Cardinal George: With God and prayers, ‘I’m sure it’ll be all right’
BY MAUDLYNE IHEJIRIKA Staff Reporter firstname.lastname@example.org September 1, 2012 7:10PM
Cardinal George gives communion during a mass celebrating the 125th anniversary of St. Joseph Parish at 4821 S. Hermitage Saturday September 1, 2012. l Tom Cruze~Sun-Times
Updated: October 3, 2012 6:33AM
With a slower gait and visibly requiring a little more effort than usual, Cardinal Francis George entered a South Side church Saturday to keep his commitment to lead the celebration of its 125th anniversary, despite preparing to begin chemotherapy this week.
Speaking publicly for the first time about his recently announced battle with recurring cancer, George, in an interview with the Sun-Times, declared he was feeling fine, and ready for the next leg of his journey.
“Well, I’m anticipating it a little bit, but otherwise, right now, I’m feeling good,” the Cardinal said.
“I haven’t been through it before. I didn’t have chemo when I had bladder cancer the first time, so I don’t know what to expect. It’s different for everybody, and so with the help of God, and a lot of prayers of an awful lot of people, I’m sure it’ll be all right.”
George’s comments came before saying the celebratory mass at St. Joseph Parish, at 4821 S. Hermitage, a longtime welcoming refuge for immigrant families in one of the city’s poorest and most dangerous neighborhoods, Back of the Yards.
He had committed to the financially struggling but vibrant parish months ago, long before his cancer was discovered to have returned in August.
“We were really honored that he said yes, because you know, we were preparing more than a year,” the Rev. Hugo Leon Londono, said before George’s arrival.
“Then we said ‘Oh my God,’ when we learned two weeks ago that the Cardinal was again fighting the cancer, and we felt really sad. But when we called him, he said, ‘No, we’re going to go. I’m still going,’ ” Londono said.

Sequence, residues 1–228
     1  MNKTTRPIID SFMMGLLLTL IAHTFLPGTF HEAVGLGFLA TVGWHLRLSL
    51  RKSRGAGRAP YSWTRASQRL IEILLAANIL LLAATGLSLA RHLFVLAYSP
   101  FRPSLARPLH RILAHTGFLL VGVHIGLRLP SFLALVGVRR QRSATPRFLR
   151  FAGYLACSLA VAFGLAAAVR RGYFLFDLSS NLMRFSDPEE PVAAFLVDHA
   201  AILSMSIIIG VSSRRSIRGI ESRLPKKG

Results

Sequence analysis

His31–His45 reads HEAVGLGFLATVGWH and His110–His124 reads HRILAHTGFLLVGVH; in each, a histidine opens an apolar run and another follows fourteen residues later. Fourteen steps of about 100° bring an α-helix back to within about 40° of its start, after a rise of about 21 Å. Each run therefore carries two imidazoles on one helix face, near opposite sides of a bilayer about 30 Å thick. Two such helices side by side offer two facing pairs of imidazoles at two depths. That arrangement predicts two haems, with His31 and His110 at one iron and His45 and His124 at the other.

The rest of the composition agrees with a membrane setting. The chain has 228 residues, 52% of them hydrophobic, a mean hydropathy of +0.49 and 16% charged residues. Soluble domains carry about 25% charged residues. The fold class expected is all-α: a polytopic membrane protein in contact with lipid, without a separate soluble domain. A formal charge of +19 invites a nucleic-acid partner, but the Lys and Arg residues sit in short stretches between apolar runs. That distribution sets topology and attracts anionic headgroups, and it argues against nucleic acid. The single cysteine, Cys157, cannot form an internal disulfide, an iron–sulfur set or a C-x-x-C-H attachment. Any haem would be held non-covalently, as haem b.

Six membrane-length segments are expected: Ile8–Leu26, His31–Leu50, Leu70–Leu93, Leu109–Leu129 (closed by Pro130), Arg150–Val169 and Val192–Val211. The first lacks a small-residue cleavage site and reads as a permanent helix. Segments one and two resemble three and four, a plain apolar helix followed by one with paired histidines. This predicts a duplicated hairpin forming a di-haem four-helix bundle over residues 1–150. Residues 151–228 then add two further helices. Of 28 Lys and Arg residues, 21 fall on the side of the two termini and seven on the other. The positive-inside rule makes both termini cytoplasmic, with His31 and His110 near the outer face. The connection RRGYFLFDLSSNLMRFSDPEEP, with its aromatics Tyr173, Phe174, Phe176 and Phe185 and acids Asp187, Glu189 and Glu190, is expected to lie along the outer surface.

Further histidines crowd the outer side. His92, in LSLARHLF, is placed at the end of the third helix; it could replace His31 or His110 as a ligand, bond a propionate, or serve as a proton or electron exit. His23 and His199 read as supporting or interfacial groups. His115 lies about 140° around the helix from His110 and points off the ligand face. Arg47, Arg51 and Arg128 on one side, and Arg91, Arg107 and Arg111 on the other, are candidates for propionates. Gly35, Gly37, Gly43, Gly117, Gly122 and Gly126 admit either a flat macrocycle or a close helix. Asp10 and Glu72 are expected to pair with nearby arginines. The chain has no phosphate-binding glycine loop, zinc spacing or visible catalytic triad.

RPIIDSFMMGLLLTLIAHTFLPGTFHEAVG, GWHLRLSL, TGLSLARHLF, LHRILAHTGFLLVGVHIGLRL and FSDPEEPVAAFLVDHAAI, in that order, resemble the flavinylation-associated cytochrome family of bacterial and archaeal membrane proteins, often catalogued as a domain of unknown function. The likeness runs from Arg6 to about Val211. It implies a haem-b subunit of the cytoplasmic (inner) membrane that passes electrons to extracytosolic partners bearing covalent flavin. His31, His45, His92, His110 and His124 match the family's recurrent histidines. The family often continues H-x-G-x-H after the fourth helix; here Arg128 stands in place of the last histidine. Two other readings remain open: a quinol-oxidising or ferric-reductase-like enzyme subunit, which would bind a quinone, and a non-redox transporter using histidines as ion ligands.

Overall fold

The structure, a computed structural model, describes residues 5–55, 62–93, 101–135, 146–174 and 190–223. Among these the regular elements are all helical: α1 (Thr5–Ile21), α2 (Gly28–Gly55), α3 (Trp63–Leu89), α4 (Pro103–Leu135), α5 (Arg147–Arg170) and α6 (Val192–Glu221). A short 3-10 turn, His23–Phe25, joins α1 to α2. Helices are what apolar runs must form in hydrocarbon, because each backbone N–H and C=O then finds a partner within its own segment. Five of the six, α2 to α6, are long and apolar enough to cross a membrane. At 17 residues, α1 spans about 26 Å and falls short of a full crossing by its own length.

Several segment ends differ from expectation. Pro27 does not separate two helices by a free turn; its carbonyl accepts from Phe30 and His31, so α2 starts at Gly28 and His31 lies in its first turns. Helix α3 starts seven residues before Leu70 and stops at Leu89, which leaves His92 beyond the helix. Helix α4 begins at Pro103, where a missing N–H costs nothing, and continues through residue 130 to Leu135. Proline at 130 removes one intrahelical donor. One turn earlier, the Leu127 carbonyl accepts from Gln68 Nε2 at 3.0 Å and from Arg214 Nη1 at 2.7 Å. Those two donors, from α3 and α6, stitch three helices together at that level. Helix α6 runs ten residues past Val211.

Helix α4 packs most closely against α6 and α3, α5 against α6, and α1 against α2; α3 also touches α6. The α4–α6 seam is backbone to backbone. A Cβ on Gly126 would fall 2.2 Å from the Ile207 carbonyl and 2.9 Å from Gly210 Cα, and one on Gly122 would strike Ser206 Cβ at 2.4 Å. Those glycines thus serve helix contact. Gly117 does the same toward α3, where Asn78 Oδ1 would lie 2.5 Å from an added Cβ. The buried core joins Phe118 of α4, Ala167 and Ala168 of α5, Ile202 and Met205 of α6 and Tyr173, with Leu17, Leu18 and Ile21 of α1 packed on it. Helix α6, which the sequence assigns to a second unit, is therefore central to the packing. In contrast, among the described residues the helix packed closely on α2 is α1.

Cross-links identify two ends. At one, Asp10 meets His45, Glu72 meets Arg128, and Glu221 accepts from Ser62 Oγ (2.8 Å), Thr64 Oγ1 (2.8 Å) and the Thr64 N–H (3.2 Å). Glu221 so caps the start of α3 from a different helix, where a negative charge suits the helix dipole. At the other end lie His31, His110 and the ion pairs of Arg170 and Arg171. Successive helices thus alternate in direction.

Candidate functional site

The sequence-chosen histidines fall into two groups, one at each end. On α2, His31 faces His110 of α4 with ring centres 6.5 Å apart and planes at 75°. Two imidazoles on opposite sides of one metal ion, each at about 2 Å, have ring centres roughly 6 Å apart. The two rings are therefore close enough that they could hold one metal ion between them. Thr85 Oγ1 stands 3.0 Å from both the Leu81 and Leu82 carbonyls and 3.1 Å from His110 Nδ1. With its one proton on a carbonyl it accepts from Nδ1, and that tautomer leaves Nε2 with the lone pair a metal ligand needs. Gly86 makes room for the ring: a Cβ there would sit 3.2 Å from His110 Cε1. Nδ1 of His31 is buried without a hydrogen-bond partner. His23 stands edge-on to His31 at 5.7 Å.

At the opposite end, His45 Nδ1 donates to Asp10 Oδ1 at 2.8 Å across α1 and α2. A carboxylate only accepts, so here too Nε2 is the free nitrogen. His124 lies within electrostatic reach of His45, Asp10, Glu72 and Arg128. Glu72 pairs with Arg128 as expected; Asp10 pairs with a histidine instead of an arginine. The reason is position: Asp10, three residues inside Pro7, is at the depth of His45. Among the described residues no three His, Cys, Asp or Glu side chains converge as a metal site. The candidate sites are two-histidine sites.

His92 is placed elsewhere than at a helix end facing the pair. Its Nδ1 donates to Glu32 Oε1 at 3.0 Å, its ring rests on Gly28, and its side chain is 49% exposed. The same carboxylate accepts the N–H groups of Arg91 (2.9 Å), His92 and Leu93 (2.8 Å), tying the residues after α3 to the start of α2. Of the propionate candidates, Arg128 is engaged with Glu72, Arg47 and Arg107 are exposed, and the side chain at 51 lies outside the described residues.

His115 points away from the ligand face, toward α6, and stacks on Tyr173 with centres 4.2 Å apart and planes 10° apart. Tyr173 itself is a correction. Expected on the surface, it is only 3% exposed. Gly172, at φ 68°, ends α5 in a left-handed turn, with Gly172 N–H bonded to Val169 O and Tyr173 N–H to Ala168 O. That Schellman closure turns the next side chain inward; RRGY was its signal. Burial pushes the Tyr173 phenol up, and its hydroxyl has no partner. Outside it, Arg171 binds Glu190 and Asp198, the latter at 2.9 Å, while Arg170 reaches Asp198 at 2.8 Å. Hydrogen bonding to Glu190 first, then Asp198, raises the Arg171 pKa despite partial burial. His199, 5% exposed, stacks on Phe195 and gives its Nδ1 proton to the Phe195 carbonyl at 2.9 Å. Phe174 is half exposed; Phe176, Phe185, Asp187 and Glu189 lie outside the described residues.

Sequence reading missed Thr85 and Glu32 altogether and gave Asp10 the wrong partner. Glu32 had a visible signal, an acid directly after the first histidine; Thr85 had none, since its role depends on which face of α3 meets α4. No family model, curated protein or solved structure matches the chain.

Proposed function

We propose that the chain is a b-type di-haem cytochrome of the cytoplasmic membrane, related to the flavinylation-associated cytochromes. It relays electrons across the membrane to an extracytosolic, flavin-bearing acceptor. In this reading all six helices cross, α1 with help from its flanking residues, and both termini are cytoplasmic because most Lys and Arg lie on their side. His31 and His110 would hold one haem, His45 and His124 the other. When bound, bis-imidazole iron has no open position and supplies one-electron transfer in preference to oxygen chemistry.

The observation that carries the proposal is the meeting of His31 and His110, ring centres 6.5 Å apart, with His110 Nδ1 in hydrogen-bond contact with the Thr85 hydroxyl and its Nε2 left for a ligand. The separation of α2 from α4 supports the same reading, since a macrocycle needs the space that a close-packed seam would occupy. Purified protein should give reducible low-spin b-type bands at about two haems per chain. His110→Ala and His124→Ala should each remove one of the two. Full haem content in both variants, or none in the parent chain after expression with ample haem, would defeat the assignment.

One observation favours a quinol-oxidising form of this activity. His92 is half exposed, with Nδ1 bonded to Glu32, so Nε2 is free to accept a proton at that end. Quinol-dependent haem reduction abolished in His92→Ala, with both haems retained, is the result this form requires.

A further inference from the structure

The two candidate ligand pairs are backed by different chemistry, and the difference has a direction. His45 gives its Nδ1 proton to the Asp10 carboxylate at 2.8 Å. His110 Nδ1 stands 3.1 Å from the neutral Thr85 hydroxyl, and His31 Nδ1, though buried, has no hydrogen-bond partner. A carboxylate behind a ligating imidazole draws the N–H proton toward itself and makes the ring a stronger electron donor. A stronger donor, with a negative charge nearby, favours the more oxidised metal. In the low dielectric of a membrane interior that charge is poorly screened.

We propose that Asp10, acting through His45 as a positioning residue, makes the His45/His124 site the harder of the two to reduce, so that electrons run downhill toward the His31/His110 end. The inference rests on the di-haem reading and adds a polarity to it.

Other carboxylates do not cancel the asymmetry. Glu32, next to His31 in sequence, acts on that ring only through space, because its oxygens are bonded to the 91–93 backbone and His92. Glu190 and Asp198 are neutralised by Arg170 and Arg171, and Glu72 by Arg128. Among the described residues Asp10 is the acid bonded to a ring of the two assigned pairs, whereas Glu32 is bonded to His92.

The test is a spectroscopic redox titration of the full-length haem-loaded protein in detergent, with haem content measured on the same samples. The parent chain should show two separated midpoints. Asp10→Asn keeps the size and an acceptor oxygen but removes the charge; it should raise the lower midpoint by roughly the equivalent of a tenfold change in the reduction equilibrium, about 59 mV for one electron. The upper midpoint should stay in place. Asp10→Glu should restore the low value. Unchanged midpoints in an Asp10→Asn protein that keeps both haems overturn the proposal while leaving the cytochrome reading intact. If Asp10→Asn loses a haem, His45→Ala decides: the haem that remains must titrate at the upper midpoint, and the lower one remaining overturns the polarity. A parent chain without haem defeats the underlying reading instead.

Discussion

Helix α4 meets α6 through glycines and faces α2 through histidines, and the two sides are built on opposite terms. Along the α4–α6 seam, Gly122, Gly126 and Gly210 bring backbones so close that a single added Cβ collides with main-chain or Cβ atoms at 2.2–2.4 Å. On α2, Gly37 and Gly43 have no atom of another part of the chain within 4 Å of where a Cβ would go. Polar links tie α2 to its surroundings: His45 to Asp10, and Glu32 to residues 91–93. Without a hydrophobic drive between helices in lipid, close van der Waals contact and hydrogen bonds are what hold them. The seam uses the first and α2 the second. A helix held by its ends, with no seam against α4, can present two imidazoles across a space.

“I think it’s beautiful because he’s the shepherd of the Chicago Archdiocese and it’s a blessing that he comes to this community that is a little, like, away from everyone, and where people even feel afraid to come.”
Upon entering the church, the Cardinal was greeted by a standing ovation from former and current parishioners who filled pews to capacity. His homily — about not just talking the talk if one has faith, but walking the walk — seemed personal.
“Over 125 years, there is a lot of history. There are good times and bad, just as there are in our personal lives, and it is God who carries us through,” he told the flock. “We want the kind of faith that gives us inexpressible joy, that deep, deep joy from knowing God is always there with us, and for us.”
When mass ended, and he’d received another standing ovation, George told the crowd, “I want to thank you for your prayers. It is appreciated. In the midst of sickness, I know that I am sustained by your prayers, and by the love of God.”
Later, George told the Sun-Times he intends to try and keep as many of his commitments as possible during treatment, as he draws strength from his flock.
And to others suffering from cancer and chronic illness, he had this to say:
“Faith tells us that we are never alone. Illness isolates you, because you have to kind of live inside the pain of your skin. But the faith tells you that no matter how difficult it becomes, you’re never alone. So that’s my message — Rely upon the presence of those who are seen and those who aren’t seen. Faith unites us with those who aren’t seen, so know we are never alone.”